Ever wish you could be a fly on the wall for what your kids post on Facebook and other social media sites? One option would be to get them to friend you, but a lot of kids are reluctant to let that happen. Privacy issues aside, some kids find it uncool to have their parents show up on a friends list.
The service doesn't work in stealth mode. In fact, kids have to agree to be monitored. But once a kid does agree, the parents get to see what the child posts and who their kid's online friends are.
In addition to posts, the service shows what photos a child posts as well as pictures where he has been tagged.
One problem with monitoring everything your kid does online is that you're likely to be overwhelmed with a lot of irrelevant information. To counter that, the service has software that looks for words or phrases that raise red flags for possible conversation about drugs, sex, violence, alcohol, and suicide. You get alerts if these conversations come up and anything alarming is brought to the top of the dashboard.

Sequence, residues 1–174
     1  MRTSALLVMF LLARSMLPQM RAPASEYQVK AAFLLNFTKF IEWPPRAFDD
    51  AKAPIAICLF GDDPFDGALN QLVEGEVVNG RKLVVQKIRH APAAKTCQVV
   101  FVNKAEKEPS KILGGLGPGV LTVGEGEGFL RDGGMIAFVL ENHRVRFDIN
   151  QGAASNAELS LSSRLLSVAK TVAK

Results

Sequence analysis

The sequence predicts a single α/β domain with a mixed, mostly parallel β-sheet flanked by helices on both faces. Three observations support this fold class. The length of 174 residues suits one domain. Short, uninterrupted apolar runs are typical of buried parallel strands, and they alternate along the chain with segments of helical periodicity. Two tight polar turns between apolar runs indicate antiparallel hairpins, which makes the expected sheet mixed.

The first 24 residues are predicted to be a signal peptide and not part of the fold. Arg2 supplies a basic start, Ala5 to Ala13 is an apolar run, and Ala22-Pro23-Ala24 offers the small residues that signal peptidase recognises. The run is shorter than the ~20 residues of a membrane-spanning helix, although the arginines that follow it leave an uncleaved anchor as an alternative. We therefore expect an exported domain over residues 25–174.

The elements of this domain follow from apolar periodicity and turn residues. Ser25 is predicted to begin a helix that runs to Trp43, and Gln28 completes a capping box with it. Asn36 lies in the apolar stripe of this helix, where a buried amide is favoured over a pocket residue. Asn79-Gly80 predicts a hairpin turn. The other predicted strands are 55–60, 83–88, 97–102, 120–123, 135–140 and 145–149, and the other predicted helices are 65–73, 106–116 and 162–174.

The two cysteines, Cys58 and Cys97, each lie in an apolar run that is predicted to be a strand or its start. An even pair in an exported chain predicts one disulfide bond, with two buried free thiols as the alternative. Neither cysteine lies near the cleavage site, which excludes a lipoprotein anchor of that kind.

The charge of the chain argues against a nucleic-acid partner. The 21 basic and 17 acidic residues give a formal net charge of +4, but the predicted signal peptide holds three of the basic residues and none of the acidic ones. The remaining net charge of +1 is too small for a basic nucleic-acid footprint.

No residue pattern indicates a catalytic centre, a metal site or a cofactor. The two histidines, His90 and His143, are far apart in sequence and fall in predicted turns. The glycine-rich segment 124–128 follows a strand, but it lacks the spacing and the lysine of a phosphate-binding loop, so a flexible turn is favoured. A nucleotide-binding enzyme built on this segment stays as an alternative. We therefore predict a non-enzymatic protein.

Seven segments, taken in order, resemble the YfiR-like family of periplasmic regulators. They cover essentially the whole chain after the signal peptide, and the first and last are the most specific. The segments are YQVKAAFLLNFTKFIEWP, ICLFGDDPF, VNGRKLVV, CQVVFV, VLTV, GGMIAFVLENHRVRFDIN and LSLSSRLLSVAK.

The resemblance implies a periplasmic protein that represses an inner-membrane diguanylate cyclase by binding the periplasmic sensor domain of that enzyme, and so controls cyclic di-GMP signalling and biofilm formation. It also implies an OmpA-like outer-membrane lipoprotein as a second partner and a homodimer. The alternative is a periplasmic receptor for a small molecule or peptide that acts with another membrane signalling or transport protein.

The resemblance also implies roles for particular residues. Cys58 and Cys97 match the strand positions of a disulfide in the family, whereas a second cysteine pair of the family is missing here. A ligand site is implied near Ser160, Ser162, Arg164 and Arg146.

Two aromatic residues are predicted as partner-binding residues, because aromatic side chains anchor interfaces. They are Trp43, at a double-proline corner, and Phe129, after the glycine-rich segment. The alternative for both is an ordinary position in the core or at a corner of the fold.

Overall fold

The service also tries to find out what it can about your child's "friends." According to AOL, it checks your child's online "friends" against "more than 50 Web sites to find out more about them."
Holly Hawkins, AOL's director of Consumer Policy and Child Safety, said that the product "requires open and honest dialog between the parent and the child." The service sends an invite to the teen so "it's completely open and upfront." Hawkins said that "it's very important to speak with the child to let them know that this is a way that mom and dad can keep an eye on you for peace of mind." Because the parent isn't seen as a friend on the site, they "don't have to worry about peer pressure or being ridiculed by your friends."
The site works with Facebook, Myspace, and Twitter.
The service, which is based on a similar service from SocialShield, costs $9.99 per month after a 30-day free trial.
Listen to my podcast interview with AOL's Holly Hawkins